import Greeter 1.0

        Window {
            visible: true
            // Instantiate the rust struct
            Greeter {
                id: greeter;
                // Set a property
                name: "World"
            }
            Text {
                anchors.centerIn: parent
                // Call a method
                text: greeter.compute_greetings("hello")
            }
        }
    "#.into());
    engine.exec();
}
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We can run the project now but I would like to add one more step to this post.

Extract Qml to ui/main.qml

Qml files can be rendered separately and have imperative programming capabilities. So it stands to reason that almost every code will separate the qml and rust code. While it is possible to directly load file from path, I decided to add instructions on how to use the Qt resource system.

  1. First create the file ui/main.qml at the project root (same level as src) with the qml contents we were loading earlier:
import QtQuick 2.6
import QtQuick.Window 2.0
// Import our Rust classes
import Greeter 1.0

Window {
    visible: true
    // Instantiate the rust struct
    Greeter {
        id: greeter;
        // Set a property
        name: "World"
    }
    Text {
        anchors.centerIn: parent
        // Call a method
        text: greeter.compute_greetings("hello")
    }
}
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  1. Modify main.rs:
use cstr::cstr;
use qmetaobject::prelude::*;
use qmetaobject::QUrl;

// The `QObject` custom derive macro allows to expose a class to Qt and QML
#[derive(QObject, Default)]
struct Greeter {
    // Specify the base class with the qt_base_class macro
    base: qt_base_class!(trait QObject),
    // Declare `name` as a property usable from Qt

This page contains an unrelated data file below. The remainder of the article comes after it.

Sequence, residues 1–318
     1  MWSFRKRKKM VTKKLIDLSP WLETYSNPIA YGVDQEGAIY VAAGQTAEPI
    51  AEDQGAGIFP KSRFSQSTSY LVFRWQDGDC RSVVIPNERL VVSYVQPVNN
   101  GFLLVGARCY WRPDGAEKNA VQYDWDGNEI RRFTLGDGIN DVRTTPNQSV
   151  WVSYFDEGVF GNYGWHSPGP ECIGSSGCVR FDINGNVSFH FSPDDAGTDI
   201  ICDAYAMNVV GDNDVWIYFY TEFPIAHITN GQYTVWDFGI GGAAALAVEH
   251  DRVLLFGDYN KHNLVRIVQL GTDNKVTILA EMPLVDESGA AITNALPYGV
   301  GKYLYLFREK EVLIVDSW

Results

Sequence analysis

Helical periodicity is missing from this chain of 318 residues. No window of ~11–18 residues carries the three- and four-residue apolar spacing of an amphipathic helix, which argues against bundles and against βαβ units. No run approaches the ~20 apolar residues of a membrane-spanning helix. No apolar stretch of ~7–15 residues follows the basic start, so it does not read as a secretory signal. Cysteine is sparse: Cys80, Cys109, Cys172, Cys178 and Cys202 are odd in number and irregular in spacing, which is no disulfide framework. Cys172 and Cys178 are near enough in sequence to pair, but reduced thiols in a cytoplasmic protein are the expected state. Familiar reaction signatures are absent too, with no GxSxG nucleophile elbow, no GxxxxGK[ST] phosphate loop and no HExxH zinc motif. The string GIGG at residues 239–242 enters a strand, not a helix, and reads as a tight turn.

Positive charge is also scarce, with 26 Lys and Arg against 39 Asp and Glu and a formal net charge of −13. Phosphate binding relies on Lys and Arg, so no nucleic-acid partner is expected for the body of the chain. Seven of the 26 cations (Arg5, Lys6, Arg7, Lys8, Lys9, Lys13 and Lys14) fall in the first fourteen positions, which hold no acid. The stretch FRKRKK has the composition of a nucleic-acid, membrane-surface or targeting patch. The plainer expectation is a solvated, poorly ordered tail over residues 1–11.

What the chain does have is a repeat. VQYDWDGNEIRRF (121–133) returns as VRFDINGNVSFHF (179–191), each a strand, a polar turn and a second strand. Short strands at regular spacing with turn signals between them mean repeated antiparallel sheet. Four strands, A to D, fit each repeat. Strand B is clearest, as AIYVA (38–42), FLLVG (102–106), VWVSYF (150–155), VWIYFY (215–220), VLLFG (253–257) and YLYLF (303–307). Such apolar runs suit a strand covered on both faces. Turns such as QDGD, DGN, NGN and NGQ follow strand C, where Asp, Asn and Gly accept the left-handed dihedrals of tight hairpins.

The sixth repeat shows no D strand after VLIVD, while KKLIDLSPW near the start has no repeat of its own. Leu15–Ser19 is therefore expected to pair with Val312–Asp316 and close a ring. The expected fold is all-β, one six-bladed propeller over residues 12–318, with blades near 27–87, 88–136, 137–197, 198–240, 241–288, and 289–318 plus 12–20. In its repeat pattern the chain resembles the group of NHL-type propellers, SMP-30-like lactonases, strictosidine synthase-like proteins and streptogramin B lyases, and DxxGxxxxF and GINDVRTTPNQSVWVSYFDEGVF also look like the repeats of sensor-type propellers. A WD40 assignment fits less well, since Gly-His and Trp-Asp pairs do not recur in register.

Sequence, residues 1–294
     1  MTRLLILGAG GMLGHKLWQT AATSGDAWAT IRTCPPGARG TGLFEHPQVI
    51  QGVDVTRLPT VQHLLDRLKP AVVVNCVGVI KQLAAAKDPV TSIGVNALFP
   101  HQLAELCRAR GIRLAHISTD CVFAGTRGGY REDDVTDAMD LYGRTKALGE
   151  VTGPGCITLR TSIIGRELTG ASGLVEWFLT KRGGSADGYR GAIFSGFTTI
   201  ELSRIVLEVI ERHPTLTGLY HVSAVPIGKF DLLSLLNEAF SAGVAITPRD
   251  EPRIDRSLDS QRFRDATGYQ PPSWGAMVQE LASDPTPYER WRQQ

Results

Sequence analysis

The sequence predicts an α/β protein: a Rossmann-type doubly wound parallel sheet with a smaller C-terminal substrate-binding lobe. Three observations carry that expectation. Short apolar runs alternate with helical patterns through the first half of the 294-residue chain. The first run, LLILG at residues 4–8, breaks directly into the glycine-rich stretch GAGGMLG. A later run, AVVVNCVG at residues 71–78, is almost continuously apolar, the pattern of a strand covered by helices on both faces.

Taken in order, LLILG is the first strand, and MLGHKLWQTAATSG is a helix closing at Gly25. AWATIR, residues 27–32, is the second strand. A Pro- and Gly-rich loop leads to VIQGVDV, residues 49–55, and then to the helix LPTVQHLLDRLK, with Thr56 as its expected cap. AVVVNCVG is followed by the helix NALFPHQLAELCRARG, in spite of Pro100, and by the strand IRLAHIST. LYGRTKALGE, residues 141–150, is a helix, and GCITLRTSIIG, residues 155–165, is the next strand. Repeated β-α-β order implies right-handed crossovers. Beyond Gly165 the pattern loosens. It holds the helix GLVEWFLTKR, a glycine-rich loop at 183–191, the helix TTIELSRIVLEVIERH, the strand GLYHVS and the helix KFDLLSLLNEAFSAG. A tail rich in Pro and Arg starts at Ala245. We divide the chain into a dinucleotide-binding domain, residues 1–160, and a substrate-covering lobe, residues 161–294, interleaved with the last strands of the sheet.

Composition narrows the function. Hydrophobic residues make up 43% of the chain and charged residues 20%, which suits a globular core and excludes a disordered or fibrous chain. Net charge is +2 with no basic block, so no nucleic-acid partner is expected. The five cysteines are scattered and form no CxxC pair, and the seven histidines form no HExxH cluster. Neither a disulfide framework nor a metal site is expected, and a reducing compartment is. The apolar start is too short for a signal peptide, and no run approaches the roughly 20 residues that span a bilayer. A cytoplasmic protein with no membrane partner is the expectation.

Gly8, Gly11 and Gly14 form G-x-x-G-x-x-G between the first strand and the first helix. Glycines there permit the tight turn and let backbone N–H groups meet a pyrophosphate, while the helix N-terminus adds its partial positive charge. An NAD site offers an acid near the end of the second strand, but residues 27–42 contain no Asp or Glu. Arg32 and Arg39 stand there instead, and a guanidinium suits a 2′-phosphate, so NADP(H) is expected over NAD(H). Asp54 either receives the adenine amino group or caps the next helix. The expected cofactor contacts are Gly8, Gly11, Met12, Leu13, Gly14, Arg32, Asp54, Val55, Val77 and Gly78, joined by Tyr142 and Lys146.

name: qt_property!(QString; NOTIFY name_changed),
    // Declare a signal
    name_changed: qt_signal!(),
    // And even a slot
    compute_greetings: qt_method!(fn compute_greetings(&self, verb: String) -> QString {
        format!("{} {}", verb, self.name.to_string()).into()
    })
}

qrc!(root_qml,
    "" {
        "ui/main.qml" as "main.qml",
    }
);

fn main() {
    // Register the `Greeter` struct to QML
    qml_register_type::<Greeter>(cstr!("Greeter"), 1, 0, cstr!("Greeter"));
    // Create a QML engine from rust
    let mut engine = QmlEngine::new();

    // Load Resource
    root_qml();

    engine.load_url(QUrl::from(QString::from("qrc:///main.qml")));
    engine.exec();
}
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Run the Project

Finally, we can run the project using:

cargo run
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If everything goes well, you should see a sample application with "hello World".

Conclusion

This should be enough to get everything setup for actually starting with creating the application. In the next section, I will probably take a look at setting up the logging side of things since I find that logging is extremely important but can be forgotten since it is mostly already setup.